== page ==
Our flatbed fix-it gave us dead wrong diesel diagnostic codes, a hellish 130-mile road test and a shocking twist that no one saw coming.
By Dave Bloom
This Breakdown Breakthrough series covers crisis conflict cases where customer repair issues ultimately get resolved satisfactorily.
I opened Pine Aire Truck Service in Bay Shore, New York, in 1986, which means I’ve owned the business for more than 30 years. Our slogan is “Service Beyond Expectation,” and make no bones about it, not a day goes by without our team trying to invent better ways of operating the shop more efficiently.
A few months ago, we had a wiring issue with an International 7400 flatbed truck, and it soon turned into a frightmare. Despite our best efforts and thorough diesel diagnostic procedures, the complication could not be located or solved — it refused to rest in peace. To make matters worse, the problem wouldn’t act up while the vehicle was at our facility.
The customer became upset with us because the truck would die without warning. Plus, the difficulty could occur anytime between a few hours to days of being driven.
We checked all the basics and maintenance items, and the computer showed several active and history codes. So, we ran a few more diesel diagnostic procedures, replaced a failed sensor that could’ve been the source of the problem, reset the hardware and took the possessed flatbed for a ride. It drove perfectly — in fact, it purred like a black cat on Halloween. We then went for a spin one last time to exorcise any remaining demons, and all was good (no codes returned).
However, after our buyer picked up the vehicle, he experienced the same terrifying trouble while driving it around for half a day. Needless to say, when we towed the truck back to our location, it started right up and ran fine. In addition, nothing hair-raising happened during our extended road tests.
We were having a devil of a time pinpointing the source of the disturbance. It was as if someone had cast a spell on the vehicle. So, we ran more tests and checked out the engine electrical circuit, since we received different diesel diagnostic codes this time around. We reviewed every connection we could find in the wiring harness but didn’t see any complications.
Pine Aire Truck Service
- Location: 180 Corbin Avenue, Bay Shore, New York
- Shop size: 7,500 square feet
- Number of bays: 10
- Number of staff members: 10
- Average monthly truck count: Approximately 130
- Average monthly revenue: $150,000
- Average repair order: $1,200
Again, we put the truck back together and returned it to the customer, who’s been relying on us for 25 years. When you have a patron for that long, they become like family — and this ordeal placed a dark shadow on the relationship. Although we conducted a lot of research, and the company knows the quality of our repair work, our buyer started stirring up a cauldron of irritated emotions. The truck would break down every couple days, but Frankenstein’s monster never came to life while it was at our facility.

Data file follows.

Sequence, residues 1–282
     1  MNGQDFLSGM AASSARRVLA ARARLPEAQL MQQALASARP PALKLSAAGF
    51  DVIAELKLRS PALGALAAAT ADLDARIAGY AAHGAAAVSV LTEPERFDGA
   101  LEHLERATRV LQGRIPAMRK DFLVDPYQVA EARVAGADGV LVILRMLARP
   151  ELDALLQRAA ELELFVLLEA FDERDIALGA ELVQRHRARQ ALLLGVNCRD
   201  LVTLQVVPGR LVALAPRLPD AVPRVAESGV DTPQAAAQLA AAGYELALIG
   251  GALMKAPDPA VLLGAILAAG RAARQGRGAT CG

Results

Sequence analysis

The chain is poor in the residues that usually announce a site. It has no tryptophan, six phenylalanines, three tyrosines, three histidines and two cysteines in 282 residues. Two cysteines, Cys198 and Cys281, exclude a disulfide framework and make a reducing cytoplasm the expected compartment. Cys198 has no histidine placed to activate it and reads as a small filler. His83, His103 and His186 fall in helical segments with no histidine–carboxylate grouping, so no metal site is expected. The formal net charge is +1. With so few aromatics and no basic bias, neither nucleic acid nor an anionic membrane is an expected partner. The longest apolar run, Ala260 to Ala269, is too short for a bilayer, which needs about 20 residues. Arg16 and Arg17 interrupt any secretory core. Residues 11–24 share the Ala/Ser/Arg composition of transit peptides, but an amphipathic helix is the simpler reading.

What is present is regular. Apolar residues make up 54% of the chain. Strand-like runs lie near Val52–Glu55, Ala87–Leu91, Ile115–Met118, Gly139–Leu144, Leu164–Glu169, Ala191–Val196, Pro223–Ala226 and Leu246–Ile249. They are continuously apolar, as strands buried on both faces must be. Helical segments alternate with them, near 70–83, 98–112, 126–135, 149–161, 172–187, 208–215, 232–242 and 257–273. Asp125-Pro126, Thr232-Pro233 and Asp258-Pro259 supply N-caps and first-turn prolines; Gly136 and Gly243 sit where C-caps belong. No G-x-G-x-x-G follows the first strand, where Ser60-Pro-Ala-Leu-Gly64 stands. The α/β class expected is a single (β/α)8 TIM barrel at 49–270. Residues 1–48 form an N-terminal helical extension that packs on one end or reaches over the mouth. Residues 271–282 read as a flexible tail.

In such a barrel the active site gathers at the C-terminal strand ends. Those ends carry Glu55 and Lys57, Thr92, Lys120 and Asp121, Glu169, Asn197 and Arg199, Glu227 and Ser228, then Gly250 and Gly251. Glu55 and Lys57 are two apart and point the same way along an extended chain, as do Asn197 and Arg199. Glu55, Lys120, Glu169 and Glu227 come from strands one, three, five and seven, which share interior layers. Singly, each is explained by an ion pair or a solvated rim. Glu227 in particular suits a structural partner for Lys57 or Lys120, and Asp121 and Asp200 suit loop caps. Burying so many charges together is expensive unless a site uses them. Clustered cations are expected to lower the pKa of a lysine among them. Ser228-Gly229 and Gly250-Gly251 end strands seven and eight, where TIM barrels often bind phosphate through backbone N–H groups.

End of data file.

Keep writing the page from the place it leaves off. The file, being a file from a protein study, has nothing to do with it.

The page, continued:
The next time the vehicle dropped dead on the road, we towed it back to our shop. At this point, it was literally driving us batty. The crew wanted to scream bloody murder. Instead, we concentrated on fixing the transport and lost track of the time spent on it. We were in deep with this project — we’re talkin’ 6-feet-under deep — racking up more than 15 hours, maybe even 20!
We wouldn’t let this grave situation spook us, so we pushed forward like sleepless zombies in the night. We decided the evil force was lurking somewhere in the engine harness, based upon erratic diesel diagnostic results from a variety of sensors and controls. We all held our breath and crossed our fingers, hoping that the dreadful difficulty would disappear as quickly as a startled witch on a broomstick.
Luckily, a complete set of harness and connectors were in stock at our local dealer (I guess we’re not the only ones who encountered this paranormal activity). We installed the components, and the complication seemed to vanish like a ghost into thin air [for more truck part fix-it tips, read Turn DPFs Into Your BFFs]. But, we wanted to make sure, so we kept the old girl for another day.
To prove we got the ghastly goblin, I road tested the vehicle to hell and back for 130 miles — doubling our old shop record.
Unfortunately, it was the final nail in the coffin for the customer. He questioned our actions, as he couldn’t risk another day of non-production. Plus, he had a driver who was refusing to take the truck out again. I explained that it was not only interfering with his schedule but killing ours as well. We had both reached our boiling point!
To prove we got the ghastly goblin, I road tested the vehicle to hell and back for 130 miles — doubling our old shop record — after replacing the engine harness. We wanted to show him we did everything possible to guarantee his ride was fixed properly and he wouldn’t be haunted by any other problems.
Although we gave him many assurances that the truck was repaired, the buyer lost confidence in it and ordered another one. He took it back while waiting for the new purchase and enjoyed 4,000 scary good miles. When the fresh flatbed arrived, we bought the old terror for trade-in value. I had to make back the loss somehow, and it was running well.
As soon as some cosmetic issues get resolved, it will be marketed for sale. So, if you’re looking for a reliable, ghoul-free flatbed with a new engine harness, give me a call. I’ll give you a deal to die for!
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